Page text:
The Corner


What the Latest Megan Rapinoe Interview Tells Us

Megan Rapinoe and fellow members of the U.S. women’s soccer team celebrate during a ceremony in New York City, July 10, 2019. (Carlo Allegri/Reuters)

Meagan Rapinoe, the captain of the U.S. Women’s soccer team, told the Guardian last Saturday that she thinks her dad voted for Trump, revealing a staunch divide between her and her parent’s views on the president.

“I feel like I grew up with all of these lessons [about equality], but nothing was ever spoken. No language was ever put around it. Both of my parents should really be progressive — especially my mom — and I don’t get that they’re not. I’m always saying: ‘You guys should really be Democrats! But they’re not, so what’s happening?”

In her interview, Rapinoe describes growing up in a conservative area of California, where her dad runs a construction company. Praising her mother, who grew up with alcoholic parents, Rapinoe said: “Her parents died when she was younger than I am, she raised her younger sister and she has family into drugs. She has extreme mental fortitude and toughness about her, while wearing it all lightly.”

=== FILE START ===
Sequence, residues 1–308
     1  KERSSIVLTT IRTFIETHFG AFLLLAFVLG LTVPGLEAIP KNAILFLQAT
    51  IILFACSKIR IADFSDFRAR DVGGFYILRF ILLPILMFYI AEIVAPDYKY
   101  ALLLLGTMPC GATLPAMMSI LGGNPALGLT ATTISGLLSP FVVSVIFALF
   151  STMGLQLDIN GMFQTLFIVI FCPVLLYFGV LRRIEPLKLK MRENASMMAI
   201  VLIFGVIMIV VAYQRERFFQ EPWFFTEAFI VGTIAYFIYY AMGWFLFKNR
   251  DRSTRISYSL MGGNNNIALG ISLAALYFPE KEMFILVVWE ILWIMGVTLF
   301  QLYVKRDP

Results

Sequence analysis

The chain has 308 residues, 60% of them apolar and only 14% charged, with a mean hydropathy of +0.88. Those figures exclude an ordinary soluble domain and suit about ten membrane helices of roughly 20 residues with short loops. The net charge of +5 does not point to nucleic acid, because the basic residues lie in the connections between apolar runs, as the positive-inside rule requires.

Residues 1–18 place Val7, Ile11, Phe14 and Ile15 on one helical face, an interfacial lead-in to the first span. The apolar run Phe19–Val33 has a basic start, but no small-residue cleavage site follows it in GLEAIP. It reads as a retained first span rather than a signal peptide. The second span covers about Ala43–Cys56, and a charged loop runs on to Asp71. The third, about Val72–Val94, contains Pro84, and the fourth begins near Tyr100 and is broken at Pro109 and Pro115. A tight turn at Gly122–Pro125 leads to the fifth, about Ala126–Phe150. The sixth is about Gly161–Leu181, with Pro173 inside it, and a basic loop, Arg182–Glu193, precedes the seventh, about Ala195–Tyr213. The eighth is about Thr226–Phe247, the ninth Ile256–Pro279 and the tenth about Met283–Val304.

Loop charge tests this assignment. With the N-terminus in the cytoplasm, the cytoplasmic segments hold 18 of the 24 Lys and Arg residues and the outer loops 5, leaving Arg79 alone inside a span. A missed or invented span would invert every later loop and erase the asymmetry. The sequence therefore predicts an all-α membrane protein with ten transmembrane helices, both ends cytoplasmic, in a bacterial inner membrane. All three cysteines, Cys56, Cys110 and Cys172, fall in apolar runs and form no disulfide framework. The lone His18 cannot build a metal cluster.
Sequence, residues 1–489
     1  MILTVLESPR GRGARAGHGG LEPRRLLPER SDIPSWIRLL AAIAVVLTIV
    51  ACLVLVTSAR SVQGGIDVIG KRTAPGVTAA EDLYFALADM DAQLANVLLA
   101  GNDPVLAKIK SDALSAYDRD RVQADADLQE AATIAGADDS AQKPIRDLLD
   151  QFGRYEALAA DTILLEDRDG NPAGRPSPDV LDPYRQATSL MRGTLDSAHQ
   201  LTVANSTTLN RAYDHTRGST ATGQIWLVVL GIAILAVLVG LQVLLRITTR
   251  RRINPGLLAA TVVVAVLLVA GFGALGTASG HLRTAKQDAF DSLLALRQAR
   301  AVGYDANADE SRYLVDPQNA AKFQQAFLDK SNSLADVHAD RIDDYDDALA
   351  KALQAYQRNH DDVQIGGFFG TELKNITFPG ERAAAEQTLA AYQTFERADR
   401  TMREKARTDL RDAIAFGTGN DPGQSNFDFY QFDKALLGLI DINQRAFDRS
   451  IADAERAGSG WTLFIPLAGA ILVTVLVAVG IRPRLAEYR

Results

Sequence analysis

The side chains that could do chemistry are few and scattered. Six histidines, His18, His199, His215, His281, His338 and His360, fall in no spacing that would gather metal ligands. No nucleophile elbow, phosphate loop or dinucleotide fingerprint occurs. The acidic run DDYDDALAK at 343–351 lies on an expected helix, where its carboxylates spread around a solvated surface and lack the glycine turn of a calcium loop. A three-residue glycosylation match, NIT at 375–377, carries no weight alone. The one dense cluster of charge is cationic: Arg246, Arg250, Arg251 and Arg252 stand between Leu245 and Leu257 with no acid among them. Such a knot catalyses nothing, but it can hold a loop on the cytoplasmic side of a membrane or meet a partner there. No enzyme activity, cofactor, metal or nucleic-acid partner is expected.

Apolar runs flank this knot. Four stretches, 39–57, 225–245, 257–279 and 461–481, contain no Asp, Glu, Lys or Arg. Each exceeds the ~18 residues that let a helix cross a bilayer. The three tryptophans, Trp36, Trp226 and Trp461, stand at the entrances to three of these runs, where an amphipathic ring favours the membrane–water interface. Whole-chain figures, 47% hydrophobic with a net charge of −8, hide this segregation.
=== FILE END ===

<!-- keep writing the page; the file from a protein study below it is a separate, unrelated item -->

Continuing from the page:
Rapinoe said she first came out as gay while she was a student at the University of Portland in Oregon, and her parents’ immediate responses were: “What are people going to say?” and “We don’t want things to be harder for you.”

Years later, Rapinoe says, she didn’t struggle to come out, and that her parents gradually came to accept her sexuality, while apparently still holding on to rest of their conservative views.

“I’m very similar to how [my parents] are, even though I think my dad voted for Trump,” she said. “I’ll say, ‘I don’t get it. How are you simultaneously as proud as punch of me, and watching Fox News all the time, [who are doing] takedowns of your daughter?”

“That’s why I’m like: ‘You guys need to go to therapy,” she added.

But the mainstream conservative critique on Rapinoe hasn’t been against her sexuality — an issue on which the conservative focus has dissipated since Obergefell. Instead, most criticisms of Rapinoe center on her character, which seems to be cover for some deeply rooted self-image issues.

Emma Brockes, who conducted the interview, lavishes in this behavior, observing: “At last month’s victory parade, she kissed the trophy and yelled: I deserve this! And for a moment, conventions governing women’s conduct in public seemed thrillingly, shockingly to change.” Humility is what naturally endears us to one another, not arrogance. But it’s no surprise that the Left, which relishes breaking taboos, has seized on yet another vice. And the fact that Rapinoe is so unabashedly self-aggrandizing has to make one wonder if she’s truly happy with herself.

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